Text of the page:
I am tasked with evaluating the performance of an image classifier which is based on a very high-level API. I only have access to the predicted label values for the training and validation data set.

There is a total of 8 labels and each image can be assigned multiple labels, so, for example, the actual output vector y for an image with labels 1, 4 and 5 would be [1,0,0,1,1,0,0,0], while the predicted output vector y_hat would be [0.7, 0.3, 0.5, 0.6, 0.8, 0.2, 0.1, 0.4].

What would be a reliable way of evaluating the performance/error on the training and validation data sets?

Based on what I read in the literature, it seems like hamming loss is most commonly used, but I am not sure what threshold value I should pick for the predicted labels to be accepted as true (i.e. equal to 1). Should I try different arbitrary values, e.g. 0.5, 0.7, 0.9, and see what kind of hamming loss I get?

Any practical advice for dealing with the measurement of error in a multi-label classification problem is welcome.


1 Answer 1


It is actually extremely important what perfomance measure you select and it should be relevant to the domain you are working on. Dembczynski et. al have a great paper that shows that selecting a measure defines which classifier one should be using.

In my netsci-x 2015 presentation I was arguing that it is important to understand the structure of label co-occurence in your data, explore them a little, build a graph - according to this paper - and see what communities exist. What is the structure of label relationships? Only then you can decide if hamming loss (which ignores label correlations) is a good measure of generalization quality, maybe jaccard or 0-1 accuracy are better. What does it mean for your problem to miss a label out of a set of labels? Is it more importand to recall relevant documents or maybe it's important to have a high precision. Is a proportion of properly assigned labels to all assigned important? What is the cost of making a mistake in your classification in real life? Which cost is the highest, it will be different in classifying patients with syndromes in medicine and in classification journalism texts for publishing.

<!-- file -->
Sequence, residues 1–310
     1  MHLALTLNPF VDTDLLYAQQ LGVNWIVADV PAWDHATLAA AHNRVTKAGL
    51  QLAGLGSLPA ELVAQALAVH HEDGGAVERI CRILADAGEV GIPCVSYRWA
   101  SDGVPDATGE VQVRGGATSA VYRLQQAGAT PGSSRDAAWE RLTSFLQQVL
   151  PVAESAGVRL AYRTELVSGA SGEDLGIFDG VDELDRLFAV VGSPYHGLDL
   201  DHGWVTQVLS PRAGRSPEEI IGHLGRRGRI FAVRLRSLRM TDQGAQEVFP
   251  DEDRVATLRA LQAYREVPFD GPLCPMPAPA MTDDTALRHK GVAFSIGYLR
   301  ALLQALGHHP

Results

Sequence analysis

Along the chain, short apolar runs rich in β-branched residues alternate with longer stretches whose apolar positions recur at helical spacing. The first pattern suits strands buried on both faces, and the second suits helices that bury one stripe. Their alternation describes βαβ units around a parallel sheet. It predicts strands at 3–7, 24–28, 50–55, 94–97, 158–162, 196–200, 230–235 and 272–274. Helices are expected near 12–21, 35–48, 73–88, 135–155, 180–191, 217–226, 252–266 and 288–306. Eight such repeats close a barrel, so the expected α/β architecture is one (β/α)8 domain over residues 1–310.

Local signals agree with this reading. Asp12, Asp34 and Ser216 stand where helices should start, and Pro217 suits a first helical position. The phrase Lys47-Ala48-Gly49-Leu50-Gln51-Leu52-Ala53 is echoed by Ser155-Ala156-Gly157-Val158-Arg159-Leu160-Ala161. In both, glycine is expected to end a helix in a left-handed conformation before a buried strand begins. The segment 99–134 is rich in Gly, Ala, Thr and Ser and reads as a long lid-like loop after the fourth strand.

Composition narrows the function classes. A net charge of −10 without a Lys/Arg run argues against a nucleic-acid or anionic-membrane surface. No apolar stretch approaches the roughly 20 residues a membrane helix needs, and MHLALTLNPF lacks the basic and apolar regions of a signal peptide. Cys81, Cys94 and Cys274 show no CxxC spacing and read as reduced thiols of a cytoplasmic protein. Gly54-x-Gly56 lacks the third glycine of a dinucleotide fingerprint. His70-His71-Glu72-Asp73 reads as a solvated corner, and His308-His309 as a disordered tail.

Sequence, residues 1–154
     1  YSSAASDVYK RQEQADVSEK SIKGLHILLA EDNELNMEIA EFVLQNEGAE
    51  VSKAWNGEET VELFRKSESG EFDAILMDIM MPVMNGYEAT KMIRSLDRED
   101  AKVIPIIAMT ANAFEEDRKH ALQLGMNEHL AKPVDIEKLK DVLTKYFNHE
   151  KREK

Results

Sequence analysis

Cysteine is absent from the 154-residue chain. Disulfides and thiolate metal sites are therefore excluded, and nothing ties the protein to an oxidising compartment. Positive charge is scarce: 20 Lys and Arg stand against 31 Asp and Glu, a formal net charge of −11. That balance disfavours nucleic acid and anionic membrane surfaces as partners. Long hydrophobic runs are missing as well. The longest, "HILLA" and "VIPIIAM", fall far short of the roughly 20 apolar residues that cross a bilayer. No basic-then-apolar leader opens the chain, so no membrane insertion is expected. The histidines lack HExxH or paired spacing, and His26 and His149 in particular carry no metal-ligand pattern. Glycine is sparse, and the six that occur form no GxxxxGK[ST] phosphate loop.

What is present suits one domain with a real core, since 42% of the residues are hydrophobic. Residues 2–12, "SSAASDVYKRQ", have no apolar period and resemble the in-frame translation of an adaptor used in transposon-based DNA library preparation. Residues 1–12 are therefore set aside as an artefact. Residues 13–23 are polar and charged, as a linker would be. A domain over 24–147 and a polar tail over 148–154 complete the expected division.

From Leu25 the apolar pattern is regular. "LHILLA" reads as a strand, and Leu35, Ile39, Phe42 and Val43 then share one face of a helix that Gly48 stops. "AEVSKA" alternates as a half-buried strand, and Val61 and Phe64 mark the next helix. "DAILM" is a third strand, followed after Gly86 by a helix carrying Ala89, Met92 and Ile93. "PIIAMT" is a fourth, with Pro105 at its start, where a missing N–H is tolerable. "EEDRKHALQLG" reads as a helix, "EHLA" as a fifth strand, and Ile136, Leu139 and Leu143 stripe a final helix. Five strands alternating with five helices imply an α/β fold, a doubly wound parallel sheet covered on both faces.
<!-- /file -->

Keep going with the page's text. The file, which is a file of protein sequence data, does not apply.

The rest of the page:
Different kinds of label co-occurrence patterns can appear. Here are examples for 3 out of many benchmark data sets you can find in MULAN's page.

The histogram for emotions data set shows that 80% of labels are much more likely to occur together with other labels than as singletons. enter image description here

The oposite is with the scene data set - which has the same number of labels as emotions - most of its labels appear as singletons in training data: enter image description here

So labels can be correlated and uncorrelated. But the thing is - they can be both - see the medical data set: enter image description here

So you can actually have a structure in the label space - you can check this paper of mine to see how to explore it using community detection method. A nice set of methods for this is implemented in scikit-multilearn if you're a python fan.


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